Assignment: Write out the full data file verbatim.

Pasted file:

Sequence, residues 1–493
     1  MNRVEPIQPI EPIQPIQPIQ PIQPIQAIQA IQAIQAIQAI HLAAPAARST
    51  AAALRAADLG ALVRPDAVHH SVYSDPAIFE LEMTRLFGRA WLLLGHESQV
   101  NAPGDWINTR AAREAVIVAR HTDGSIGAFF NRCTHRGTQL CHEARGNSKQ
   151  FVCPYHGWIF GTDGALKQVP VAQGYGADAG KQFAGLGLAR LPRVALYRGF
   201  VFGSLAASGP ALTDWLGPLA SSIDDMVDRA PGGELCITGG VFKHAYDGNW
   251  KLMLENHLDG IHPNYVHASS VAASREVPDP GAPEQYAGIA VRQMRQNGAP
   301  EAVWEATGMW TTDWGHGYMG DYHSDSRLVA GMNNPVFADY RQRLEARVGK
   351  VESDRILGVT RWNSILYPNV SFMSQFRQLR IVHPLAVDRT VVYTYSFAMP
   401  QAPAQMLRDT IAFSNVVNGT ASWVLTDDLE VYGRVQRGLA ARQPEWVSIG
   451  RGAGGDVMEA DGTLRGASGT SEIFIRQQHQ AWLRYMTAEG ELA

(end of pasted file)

Sequence, residues 1–493
     1  MNRVEPIQPI EPIQPIQPIQ PIQPIQAIQA IQAIQAIQAI HLAAPAARST
    51  AAALRAADLG ALVRPDAVHH SVYSDPAIFE LEMTRLFGRA WLLLGHESQV
   101  NAPGDWINTR AAREAVIVAR HTDGSIGAFF NRCTHRGTQL CHEARGNSKQ
   151  FVCPYHGWIF GTDGALKQVP VAQGYGADAG KQFAGLGLAR LPRVALYRGF
   201  VFGSLAASGP ALTDWLGPLA SSIDDMVDRA PGGELCITGG VFKHAYDGNW
   251  KLMLENHLDG IHPNYVHASS VAASREVPDP GAPEQYAGIA VRQMRQNGAP
   301  EAVWEATGMW TTDWGHGYMG DYHSDSRLVA GMNNPVFADY RQRLEARVGK
   351  VESDRILGVT RWNSILYPNV SFMSQFRQLR IVHPLAVDRT VVYTYSFAMP
   401  QAPAQMLRDT IAFSNVVNGT ASWVLTDDLE VYGRVQRGLA ARQPEWVSIG
   451  RGAGGDVMEA DGTLRGASGT SEIFIRQQHQ AWLRYMTAEG ELA